That so learned a writer as Dr. Laurence should have overlooked this positive evidence of the real age of the Book of Enoch, can only be accounted for by the bias of his hypothesis that it must have been composed before the Christian era. Accordingly he begins (p. 208), by deciding that the events (K) and (L), of the sixth week, are the ascension of Elijah (B.C. 896), and the destruction of Solomon's temple (B.C. 588); and this obliges him to throw back what he calls "the uncertain era of creation," to B.C. 4700, in order to prevent those events falling within the fifth (instead of the sixth) week. But, not to urge that this is an assumption made to suit a theory -even this arrangement by no means relieves the learned editor of his difficulties; for it throws every one of the events from (A) to (H) out of the respective weeks in which they are stated to occur. Mr. Oxlee (p. 110) endeavours to untie the knot by adding," The three hundred years which constitute the difference between the Hebrew and the Samaritan text;" dating the creation B.C. 4300: but, unfortunately for his hypothesis, this only brings the latter (L) of the two events above noticed within the limits assigned to it in the alleged prophecy; and still makes the event (K) fall in the fifth week, contrary to the express declaration of the author of this book.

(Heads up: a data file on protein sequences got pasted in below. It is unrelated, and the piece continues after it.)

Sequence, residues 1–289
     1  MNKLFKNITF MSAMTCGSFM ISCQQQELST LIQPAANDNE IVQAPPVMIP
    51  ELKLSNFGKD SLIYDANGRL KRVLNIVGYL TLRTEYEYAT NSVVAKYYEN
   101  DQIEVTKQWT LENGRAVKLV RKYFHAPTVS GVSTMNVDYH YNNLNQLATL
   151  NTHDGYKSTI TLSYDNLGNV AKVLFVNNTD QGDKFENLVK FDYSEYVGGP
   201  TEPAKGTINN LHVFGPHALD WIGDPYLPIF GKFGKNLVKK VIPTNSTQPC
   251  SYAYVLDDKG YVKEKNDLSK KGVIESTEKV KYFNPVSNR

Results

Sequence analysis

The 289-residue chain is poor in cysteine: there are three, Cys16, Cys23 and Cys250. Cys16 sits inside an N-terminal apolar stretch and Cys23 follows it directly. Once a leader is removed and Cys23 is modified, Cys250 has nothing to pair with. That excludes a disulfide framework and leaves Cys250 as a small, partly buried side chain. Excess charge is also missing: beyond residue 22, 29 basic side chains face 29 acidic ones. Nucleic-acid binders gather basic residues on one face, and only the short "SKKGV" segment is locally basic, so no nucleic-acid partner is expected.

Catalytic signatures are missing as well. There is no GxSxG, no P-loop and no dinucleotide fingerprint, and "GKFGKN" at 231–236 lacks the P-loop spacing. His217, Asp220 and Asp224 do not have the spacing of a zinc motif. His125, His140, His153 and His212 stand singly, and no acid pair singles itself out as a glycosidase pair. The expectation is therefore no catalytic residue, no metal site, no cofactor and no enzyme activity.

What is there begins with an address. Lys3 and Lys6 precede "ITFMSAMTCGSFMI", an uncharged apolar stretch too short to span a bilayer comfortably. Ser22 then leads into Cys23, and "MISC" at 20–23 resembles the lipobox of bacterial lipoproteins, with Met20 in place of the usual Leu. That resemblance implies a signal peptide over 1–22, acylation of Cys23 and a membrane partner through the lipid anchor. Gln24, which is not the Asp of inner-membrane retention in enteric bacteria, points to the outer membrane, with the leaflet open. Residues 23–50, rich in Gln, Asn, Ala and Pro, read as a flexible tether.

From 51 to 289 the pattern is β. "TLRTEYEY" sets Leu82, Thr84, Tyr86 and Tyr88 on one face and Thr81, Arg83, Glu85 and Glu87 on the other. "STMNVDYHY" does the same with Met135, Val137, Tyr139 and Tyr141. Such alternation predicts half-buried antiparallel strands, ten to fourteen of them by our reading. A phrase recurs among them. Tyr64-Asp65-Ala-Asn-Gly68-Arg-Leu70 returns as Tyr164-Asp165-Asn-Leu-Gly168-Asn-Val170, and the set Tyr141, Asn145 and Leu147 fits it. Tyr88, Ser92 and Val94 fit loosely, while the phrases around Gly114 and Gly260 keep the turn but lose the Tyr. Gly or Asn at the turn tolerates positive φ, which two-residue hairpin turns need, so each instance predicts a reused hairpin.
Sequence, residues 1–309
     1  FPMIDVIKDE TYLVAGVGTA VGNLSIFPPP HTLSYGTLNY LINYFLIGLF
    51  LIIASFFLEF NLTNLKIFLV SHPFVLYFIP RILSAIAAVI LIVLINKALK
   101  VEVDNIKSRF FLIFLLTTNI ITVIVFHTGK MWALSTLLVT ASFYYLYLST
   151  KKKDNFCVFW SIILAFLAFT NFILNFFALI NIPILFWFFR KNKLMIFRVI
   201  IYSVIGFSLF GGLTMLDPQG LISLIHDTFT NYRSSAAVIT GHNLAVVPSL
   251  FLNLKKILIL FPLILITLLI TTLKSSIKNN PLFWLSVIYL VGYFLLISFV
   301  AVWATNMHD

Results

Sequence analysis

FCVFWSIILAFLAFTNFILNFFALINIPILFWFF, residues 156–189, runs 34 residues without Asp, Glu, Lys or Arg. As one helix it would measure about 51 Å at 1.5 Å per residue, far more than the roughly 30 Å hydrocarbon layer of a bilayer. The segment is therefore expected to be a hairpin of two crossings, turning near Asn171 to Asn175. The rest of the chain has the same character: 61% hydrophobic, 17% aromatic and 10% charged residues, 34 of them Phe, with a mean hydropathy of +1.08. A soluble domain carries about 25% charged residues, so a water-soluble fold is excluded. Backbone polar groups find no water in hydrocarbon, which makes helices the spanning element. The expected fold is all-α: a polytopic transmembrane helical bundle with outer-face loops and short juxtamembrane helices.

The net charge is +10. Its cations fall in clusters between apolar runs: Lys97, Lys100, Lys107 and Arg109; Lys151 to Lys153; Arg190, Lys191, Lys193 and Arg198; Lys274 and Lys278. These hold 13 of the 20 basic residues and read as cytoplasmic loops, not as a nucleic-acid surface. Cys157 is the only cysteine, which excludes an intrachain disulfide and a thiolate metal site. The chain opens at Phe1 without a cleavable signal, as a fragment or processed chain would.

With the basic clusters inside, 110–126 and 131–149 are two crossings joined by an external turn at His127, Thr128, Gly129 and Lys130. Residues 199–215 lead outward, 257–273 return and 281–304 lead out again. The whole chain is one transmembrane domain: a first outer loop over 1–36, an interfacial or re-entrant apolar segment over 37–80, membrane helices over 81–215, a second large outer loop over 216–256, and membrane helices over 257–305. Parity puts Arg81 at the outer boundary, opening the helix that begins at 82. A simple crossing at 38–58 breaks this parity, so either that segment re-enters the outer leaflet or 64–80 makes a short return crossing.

The solution which we have our. selves submitted of these pretended predictions, and the corresponding facts, is both easy and natural: it assumes nothing more than that the writer constructed his chronological series on the ideas of the world's age which were generally received in the early period of the Christian church; it makes the prophecy of the events tally with precision, till the time in which the oracle, as we contend, was forged; it then (as might be expected) exhibits a blank for more than 1800 years; and it shews the